PG&E’s New Dam Deal: Good Business Or A Date With Disaster?

Article from ShastaScout.,a%20smaller%20arm%20of%20PG%26E.

By Marc Dadigan
October 2, 2023

The state is deciding whether to approve a PG&E proposal to sell most of its hydroelectric dams, including McCloud and other non-nuclear energy facilities, to a smaller subsidiary company it controls. Environmental groups argue the transaction may slow already long-delayed repairs, increasing current flood risks.

After heavy rains in November 2018, Shasta-Trinity National Forest officials released photos of a collapsing hillside below Hawkins Creek Road, which runs adjacent to the 235-foot McCloud Dam in the remote McCloud River canyon in northern Shasta County.

However according to a 2019 letter to federal regulators, the torrential rain wasn’t really the main culprit behind the dangerous road conditions. The damage, PG&E investigators concluded, had actually been caused by heavy flows from the McCloud Dam’s spillway that rushed into its “plunge pool” and eroded the hillside in the process.

It’s part of what environmental advocates who have spent decades studying hydroelectric projects say is a significant design flaw in the McCloud Dam. Built more than fifty years ago on a bend in the river, the dam allows water to gush from the spillway directly towards the hillside below the road rather than spewing directly downstream away from the road, which would cause significantly less erosion.

“They built the dam in the wrong place,” says Dave Steindorf, California Hydropower Specialist for American Whitewater. “Every time there’s a big flood event they lose a chunk of that hillside. They need to rebuild the spillway.”

The fifty-year-old dam also has a secondary problem. Its existing spillway doesn’t have the capacity to handle historically heavy downpours, which are becoming more frequent now due to climate change. In fact, according to federal documents, the McCloud Dam can only handle about half the flow of a worst-case scenario flood. If the dam failed during such a rain event, those documents say, it would release a cascade of 2.1 million cubic feet of water per second (imagine 2 million basketballs careening down the river canyon), flooding numerous campgrounds, fishing clubs, and bridges before emptying into Shasta reservoir.

Some river and fish advocates, including Steindorf, see the McCloud Dam as a key example of how many of PG&E’s dams need significant improvements and repairs to reduce the danger of disastrous flooding to communities, infrastructure, and ecosystems.

Those concerns were the focus of Steindorf’s testimony recently in a week-long state hearing to determine whether regulators will approve PG&E’s plan to sell the ownership of its dams to Pacific Generation, a smaller company that PG&E created last fall. The controversial deal was announced by PG&E officials last fall, and approved by the Federal Electric Regulatory Commission (FERC) this June.

It would work like this. First, if approved by the state, PG&E will sell $3.5 billion of its non-nuclear power generation facilities, including 62 hydroelectric projects, to the recently created Pacific Generation, which is a subsidiary, or a smaller arm of PG&E. Then, to raise the really big bucks, Pacific Generation will sell 49.9 percent of its shares to investors, who will hold “equity” – or partial ownership – in the hydroelectric dams, reaping a portion of the profits accrued by their power generation.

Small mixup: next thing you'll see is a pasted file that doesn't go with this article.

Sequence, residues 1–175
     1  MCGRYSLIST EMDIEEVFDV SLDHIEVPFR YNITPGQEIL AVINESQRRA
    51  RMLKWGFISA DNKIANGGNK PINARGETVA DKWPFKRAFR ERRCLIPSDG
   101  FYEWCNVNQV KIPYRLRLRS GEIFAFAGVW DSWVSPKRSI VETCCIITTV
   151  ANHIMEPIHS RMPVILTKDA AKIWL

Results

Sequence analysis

Corporate officials say the deal will provide the influx of cash they need to improve safety at their power facilities, reduce the risk of PG&E-caused wildfires and invest more in green energy. But critics, like Steindorf, fear the sale will cause more delays in PG&E’s overdue maintenance of its ailing dams across the North State, including McCloud Dam, by adding even more complexity to the utility’s corporate bureaucracy.

Their concerns are driven by safety audits, such as a study of the 2017 Oroville spillway failure and a 2022 audit of PG&E’s dam safety program. In both studies, investigators determined that barriers to smooth communication among various dam operators, utilities, and governmental agencies are, as Steindorf fears, a significant detriment to dam safety.

Despite the safety concerns, PG&E is expected to find ready investors. Hydropower is a lucrative industry. The McCloud-Pit project, for example, which includes the McCloud Dam, generates about $111 million a year in profits for PG&E, which has an overall net value of around $41 billion.

Utility equity rarely becomes available, and it is assumed to provide a flow of steady profit, which is returned to shareholders through dividends. Some critics do argue that utilities should be seen as less reliable investments because of the increasingly extreme and unpredictable impacts of climate change.

PG&E’s operating agreement will allow it to own a majority stake, just over 50 percent, of the subsidiary company, and retain control over Pacific Generation’s board. PG&E staff would continue to operate the hydroelectric dams and other power facilities under Pacific Generation’s ownership, according to PG&E’s proposal.